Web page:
Former footballer George Weah was sworn in as president of Liberia on Monday, marking the first democratic transfer of power in the west African country since 1944.
People queued for miles outside the Samuel Kanyon Doe stadium near the capital, Monrovia, to witness the next step of Mr Weah's extraordinary personal journey from slum to presidential residence, via the highest echelons of European football.
Mr Weah's election win — in which he took 61 per cent of the vote — was the culmination of a 13-year struggle for political credibility that began with him losing a presidential runoff in 2005 and saw him become a senator in 2015.
But with expectations for his presidency high, the former AC Milan and Paris Saint-Germain striker now faces the formidable task of transforming the fortunes of a country that consistently ranks poorly on indicators of education, health and development.
He inherits a struggling Liberia from president Ellen Johnson Sirleaf, Africa's first elected female head of state. A Nobel Peace Prize winner, Ms Sirleaf maintained harmony following a bloody civil war that killed some 250,000 people. Yet her domestic agenda stalled, while allegations of corruption and nepotism dogged her 12-year presidency.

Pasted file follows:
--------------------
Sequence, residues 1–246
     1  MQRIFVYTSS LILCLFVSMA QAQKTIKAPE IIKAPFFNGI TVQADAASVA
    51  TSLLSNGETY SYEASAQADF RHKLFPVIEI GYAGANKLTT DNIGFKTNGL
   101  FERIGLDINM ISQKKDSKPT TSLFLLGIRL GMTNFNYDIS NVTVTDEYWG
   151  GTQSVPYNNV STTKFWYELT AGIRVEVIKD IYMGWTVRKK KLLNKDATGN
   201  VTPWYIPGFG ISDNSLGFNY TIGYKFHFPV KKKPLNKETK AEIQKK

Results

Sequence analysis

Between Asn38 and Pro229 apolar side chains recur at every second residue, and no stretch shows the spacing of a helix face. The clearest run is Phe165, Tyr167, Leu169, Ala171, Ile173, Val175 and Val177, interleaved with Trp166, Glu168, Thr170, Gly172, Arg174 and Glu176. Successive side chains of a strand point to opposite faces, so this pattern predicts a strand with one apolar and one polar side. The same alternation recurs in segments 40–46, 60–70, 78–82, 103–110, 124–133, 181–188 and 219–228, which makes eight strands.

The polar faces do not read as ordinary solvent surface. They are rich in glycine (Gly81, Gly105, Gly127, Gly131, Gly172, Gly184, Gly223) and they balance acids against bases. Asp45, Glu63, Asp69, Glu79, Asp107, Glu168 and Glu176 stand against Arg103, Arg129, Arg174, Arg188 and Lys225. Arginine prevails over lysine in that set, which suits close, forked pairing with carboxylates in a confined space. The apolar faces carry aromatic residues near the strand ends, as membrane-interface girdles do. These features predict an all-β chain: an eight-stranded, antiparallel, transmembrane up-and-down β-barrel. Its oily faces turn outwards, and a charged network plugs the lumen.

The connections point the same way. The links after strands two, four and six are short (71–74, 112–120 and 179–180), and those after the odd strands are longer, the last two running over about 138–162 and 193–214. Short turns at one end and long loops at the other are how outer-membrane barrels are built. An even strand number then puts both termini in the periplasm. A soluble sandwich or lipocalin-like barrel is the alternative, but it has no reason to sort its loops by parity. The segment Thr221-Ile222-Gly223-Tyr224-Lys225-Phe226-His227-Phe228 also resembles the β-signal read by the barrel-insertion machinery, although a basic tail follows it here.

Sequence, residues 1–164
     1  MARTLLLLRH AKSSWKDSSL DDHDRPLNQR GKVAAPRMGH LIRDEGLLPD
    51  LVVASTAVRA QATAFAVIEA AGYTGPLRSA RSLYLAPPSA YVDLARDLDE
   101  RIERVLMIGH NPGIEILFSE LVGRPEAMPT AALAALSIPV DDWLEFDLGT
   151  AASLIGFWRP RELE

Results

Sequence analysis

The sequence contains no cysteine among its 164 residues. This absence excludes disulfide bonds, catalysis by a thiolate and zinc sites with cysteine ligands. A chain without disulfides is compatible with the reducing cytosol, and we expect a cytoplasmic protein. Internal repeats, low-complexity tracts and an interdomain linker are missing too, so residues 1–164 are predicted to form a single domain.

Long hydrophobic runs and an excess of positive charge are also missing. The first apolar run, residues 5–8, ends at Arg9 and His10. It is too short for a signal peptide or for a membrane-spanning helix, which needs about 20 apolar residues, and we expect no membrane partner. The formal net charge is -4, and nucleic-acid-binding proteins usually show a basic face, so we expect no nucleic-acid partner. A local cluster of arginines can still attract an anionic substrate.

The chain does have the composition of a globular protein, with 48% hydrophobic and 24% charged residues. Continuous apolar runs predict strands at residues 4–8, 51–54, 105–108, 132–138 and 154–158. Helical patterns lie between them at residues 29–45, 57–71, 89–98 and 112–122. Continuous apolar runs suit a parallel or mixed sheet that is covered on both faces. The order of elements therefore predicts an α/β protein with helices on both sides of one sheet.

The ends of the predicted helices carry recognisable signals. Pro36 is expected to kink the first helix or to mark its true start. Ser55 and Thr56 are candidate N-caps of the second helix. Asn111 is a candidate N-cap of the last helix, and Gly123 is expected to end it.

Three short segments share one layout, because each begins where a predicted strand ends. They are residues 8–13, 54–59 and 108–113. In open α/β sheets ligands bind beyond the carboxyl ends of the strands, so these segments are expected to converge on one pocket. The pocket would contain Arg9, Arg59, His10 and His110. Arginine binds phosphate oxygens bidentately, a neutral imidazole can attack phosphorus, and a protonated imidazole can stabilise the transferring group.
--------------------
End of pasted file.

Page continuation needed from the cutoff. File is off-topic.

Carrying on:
Pressure will be on the new president to deliver for his core supporters — the poor and unemployed — as well as the country’s youth, who make up 60 per cent of Liberia’s 4.6 million people. In a vague election campaign that focused more on slogans of unity and change than on policy, two of the more substantive promises Mr Weah made were to create more jobs and improve education.
Now in power, he faces a host of challenges, however. Liberia's economy has buckled in recent years, as the price of rubber and iron — the country's chief exports — has plummeted. Meanwhile, the Ebola virus, which swept through the country between 2014 and 2015, caused even greater turmoil, killing thousands of people. And foreign aid to Liberia has declined, even as its need has increased.
Finding remedies to the country's economic troubles will be vital for Mr Weah to succeed.
"He will need to sustain positive relations with donors, attract foreign direct investment and build much needed civil infrastructure," Elizabeth Donnelly, deputy-head of Chatham House's Africa Programme, told The National.
With little political experience of his own, Mr Weah’s success may depend on the cabinet he assembles. Yet the names touted so far — including personal friends and Sirleaf allies — have dismayed analysts.
“The list so far is clearly tilted towards repaying political and personal debts of gratitude, suggesting continuity rather than a new dawn in Liberian politics,” said Malte Liewerscheidt, senior Africa analyst at Verisk Maplecroft.